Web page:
Pysanky eggs - FamilyEducation

Pysanky eggs

April 22,2011
Professor Mom
Aliki McElreath

Aliki is a writer and college English teacher. She lives in North Carolina with her husband, two children (ages seven and ten), a dog, a cat, a rabbit, and too many fish.

Last year I came across a kit for dying eggs Ukrainian style--called Pysanky. I pondered whether to get it or not, but I decided that even though I wanted to dye eggs that way, T. was probably a tad too young for it, and I wasn't sure if L. was interested enough. This year, though, I ordered a kit and I've been so excited to try it out. L. has also been interested in all things Ukrainian, since two Ukrainian boys just joined his 5th grade class half-way through the school year. This connection, apparently, is all it takes to get L. interested in a craft.

If you're not familiar with Pysanky, it involves melted beeswax, patience, and a burning candle. If your kids are too small for any of those things, you might want to wait until they are a little older.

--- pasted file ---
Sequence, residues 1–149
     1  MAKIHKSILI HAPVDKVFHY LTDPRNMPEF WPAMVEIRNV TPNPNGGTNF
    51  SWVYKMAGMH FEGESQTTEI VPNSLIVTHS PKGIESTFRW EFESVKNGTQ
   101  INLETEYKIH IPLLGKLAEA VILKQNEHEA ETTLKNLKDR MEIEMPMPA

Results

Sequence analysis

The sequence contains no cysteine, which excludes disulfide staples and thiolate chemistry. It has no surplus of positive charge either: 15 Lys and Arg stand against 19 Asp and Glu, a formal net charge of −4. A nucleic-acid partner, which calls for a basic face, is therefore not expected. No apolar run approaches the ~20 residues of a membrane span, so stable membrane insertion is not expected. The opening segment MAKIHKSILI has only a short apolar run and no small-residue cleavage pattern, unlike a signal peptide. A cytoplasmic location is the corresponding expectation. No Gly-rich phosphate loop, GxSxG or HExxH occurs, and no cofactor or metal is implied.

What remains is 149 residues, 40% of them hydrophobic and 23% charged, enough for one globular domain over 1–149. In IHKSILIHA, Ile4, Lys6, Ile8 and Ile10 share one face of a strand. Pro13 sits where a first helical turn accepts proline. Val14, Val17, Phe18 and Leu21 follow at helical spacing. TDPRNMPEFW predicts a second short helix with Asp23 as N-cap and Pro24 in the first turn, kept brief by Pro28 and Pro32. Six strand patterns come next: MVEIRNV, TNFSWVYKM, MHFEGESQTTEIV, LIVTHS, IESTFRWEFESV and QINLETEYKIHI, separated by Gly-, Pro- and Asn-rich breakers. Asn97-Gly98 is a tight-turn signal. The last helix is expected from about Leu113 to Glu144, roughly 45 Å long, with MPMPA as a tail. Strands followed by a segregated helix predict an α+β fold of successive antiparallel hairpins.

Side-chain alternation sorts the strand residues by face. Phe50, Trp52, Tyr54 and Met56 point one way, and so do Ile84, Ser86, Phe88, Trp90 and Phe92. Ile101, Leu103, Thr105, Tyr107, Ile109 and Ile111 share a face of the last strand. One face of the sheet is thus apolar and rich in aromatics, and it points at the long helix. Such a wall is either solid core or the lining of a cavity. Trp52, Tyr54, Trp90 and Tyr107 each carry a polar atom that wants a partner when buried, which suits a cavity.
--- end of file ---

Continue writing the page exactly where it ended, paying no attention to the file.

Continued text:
T. was just the right age this year, although I think she is still a little too young to be able to draw too many intricate designs on her eggs. She helped mix the dye, which is pretty potent--beware!--much more so than the regular pastel dye you get in the grocery store kits.

The idea is you use a special little tool called a kistka (a type of stylus) with a tiny metal cup on the end. You scoop beeswax into the kistka

and hold it over the candle flame until it's melted. Then you can draw designs onto your egg with the hot beeswax.

Once you dip the egg into the dye, all the areas of the egg that are covered in beeswax won't hold the dye. You can then wipe the egg, or let it dry, draw more designs with wax, and dip again. This way you can get multiple colored designs across your egg.

We had so much fun doing this. I think this will definitely be a new tradition for us. Next year I'm going to try and find one of those little mini bellows things for blowing out the egg yolk, since doing it myself, the old-fashioned way, wasn't much fun. Pysanky is a pretty time-consuming activity--but in all the good ways. I can't even describe how magical it was to dip the eggs and discover all the new layers of colors emerge. I"m not sure who squealed in delight more--T., or the 41-year old grown-up mama who was "helping" her with the eggs.

 

Have a wonderful holiday weekend!